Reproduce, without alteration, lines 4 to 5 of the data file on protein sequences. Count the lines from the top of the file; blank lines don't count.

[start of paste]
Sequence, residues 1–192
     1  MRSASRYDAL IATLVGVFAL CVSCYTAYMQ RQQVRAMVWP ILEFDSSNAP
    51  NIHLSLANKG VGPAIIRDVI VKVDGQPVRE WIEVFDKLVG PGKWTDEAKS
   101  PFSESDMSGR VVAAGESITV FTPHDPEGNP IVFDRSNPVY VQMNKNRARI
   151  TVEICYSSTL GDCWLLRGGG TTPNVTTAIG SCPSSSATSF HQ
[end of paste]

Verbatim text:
   101  PFSESDMSGR VVAAGESITV FTPHDPEGNP IVFDRSNPVY VQMNKNRARI
   151  TVEICYSSTL GDCWLLRGGG TTPNVTTAIG SCPSSSATSF HQ